Hiltzik on Civility

Michael Hiltzik of the Los Angeles Times is one of my favorite newspaper columnists.  This week he ran an excellent piece on what I’ve started calling the emerging “civility doctrine” in higher education.  Here are some excerpts:

When someone in power praises the principle of free speech, it’s wise to be on the lookout for weasel words. The phrase “I favor constructive criticism,” is weaseling. So is, “You can express your views as long as they’re respectful.” In those examples, “constructive” and “respectful” are modifiers concealing that the speaker really doesn’t favor free speech at all.

The targets of free speech never think it’s constructive or respectful. Quite the contrary. . . .

A major problem with using words like “respect” and “civility” to mark the boundaries of free speech protections is that they don’t have fixed definitions. One person can be deeply affronted (or claim to be) by language that another finds perfectly innocuous. And it’s one thing to set standards for expression in private forums — comment pages on websites, for example — and quite another to impose them as conditions for legal protection of free speech. . . .

Insistence on “civility” is a weapon, and it’s almost always wielded by those in power against those whose free speech needs protection.

Calling civility “the biggest weasel word of all,” Hiltzik specifically takes on both UIUC Chancellor Wise in the Salaita case and UC Berkeley Chancellor Dirks, employing the words of Berkeley Free Speech Movement icon Mario Savio to turn the tables on the latter’s attempt to “commemorate”  that movement by claiming free speech and civility to be “two sides of the same coin.”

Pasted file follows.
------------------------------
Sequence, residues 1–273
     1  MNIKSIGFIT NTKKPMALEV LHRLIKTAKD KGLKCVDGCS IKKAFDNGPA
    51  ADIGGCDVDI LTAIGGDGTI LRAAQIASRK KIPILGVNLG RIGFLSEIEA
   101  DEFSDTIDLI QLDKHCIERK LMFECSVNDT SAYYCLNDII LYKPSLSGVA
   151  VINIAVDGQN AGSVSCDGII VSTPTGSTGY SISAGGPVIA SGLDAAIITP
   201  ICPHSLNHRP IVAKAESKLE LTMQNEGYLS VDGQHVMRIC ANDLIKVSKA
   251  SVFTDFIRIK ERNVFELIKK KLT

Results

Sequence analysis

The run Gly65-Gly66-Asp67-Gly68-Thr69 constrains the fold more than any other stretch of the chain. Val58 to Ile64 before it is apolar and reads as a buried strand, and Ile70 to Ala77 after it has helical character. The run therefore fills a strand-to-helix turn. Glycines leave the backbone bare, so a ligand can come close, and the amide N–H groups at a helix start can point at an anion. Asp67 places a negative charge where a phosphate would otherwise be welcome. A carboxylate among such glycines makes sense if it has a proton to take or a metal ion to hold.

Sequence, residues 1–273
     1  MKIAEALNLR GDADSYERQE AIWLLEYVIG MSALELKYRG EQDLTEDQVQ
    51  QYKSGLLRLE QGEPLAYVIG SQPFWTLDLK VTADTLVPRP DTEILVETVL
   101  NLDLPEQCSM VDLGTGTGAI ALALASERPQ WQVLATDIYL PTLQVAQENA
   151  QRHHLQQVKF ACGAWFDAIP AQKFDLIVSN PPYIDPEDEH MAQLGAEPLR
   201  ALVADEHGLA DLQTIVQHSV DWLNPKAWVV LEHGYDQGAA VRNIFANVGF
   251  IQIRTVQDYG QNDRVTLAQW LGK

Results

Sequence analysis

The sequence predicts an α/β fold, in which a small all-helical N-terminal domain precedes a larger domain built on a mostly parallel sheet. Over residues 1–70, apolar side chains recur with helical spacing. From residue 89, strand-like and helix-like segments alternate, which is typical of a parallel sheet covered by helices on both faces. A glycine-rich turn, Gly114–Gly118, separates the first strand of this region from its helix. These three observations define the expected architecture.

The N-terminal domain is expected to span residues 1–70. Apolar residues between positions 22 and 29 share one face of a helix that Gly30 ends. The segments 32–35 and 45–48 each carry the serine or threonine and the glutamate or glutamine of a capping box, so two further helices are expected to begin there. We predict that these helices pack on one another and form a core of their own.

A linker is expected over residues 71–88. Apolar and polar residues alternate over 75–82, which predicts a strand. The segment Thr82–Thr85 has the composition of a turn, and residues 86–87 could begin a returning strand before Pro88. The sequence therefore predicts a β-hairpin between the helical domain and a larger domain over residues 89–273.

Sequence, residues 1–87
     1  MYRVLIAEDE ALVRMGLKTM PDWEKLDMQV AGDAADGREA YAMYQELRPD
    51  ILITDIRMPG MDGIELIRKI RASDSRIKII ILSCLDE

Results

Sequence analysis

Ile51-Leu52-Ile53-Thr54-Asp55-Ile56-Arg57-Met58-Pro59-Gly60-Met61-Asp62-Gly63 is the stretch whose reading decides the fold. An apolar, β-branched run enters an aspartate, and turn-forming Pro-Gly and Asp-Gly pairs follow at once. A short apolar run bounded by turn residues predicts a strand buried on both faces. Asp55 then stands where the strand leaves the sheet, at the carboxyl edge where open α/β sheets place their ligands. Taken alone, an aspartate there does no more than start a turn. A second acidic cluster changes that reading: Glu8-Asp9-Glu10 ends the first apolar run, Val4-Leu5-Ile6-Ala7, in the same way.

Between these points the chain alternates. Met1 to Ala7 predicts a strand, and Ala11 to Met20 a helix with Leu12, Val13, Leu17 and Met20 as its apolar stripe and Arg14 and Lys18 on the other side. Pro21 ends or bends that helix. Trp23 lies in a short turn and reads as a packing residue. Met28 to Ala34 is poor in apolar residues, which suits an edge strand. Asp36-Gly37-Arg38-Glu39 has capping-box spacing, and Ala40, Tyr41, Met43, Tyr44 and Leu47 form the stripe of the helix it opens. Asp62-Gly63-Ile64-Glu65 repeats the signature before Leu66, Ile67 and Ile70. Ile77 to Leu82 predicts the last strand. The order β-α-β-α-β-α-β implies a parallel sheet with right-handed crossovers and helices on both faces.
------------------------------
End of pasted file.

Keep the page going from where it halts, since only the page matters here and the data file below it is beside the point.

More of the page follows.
You can (and should) read the entire piece here:  http://www.latimes.com/business/hiltzik/la-fi-mh-free-speech-civility-20140909-column.html

3 thoughts on “Hiltzik on Civility

  1. Of course civility is not a limit on freedom of speech.

    And, simultaneously, of course speech – including lack of civility – can be used to evaluate the appropriateness of a hire.

    Freedom of speech self-evidently protects a hypothetical professorial candidate who had tweeted about his views that blacks were inferior to whites. Yet I doubt many here would contend that hypothetical candidate ought not have his racist views taken into account in the hiring process.

    No, Stephen Salaita is not a racist, and his tweets were not racist. But anyone who cannot see the problem with tweeting a hope that thousands of men, women and children “go missing” – in the context of a search for 3 of those people who were kidnapped and, as it turns out, murdered – really has no business commenting on this issue in the first place.

    I have yet to see a defense of Mr. Salaita that adequately contends with that abhorrent tweet. Personally, I have no problem with his being denied a job on the basis of that tweet alone – just as I’d have no problem with denying a candidate who posted a similar comment about Palestinians being denied a job.

    At the end of the day, freedom of speech means freedom from prior restraint and government punishment for speech. It does not mean freedom from all consequences, regardless of how abhorrent the speech is. And civility remains a value to be treasured.

    • Of course civility is a limit on freedom of speech if a public university is punishing people based upon it. As for the “go missing” tweet, here’s one analysis of it, and certainly many diplomats wish that there were not Israeli settlements on the West Bank. “Go missing” is not a call for mass murder. I have yet to see a definition of civility that is much more than a slogan.

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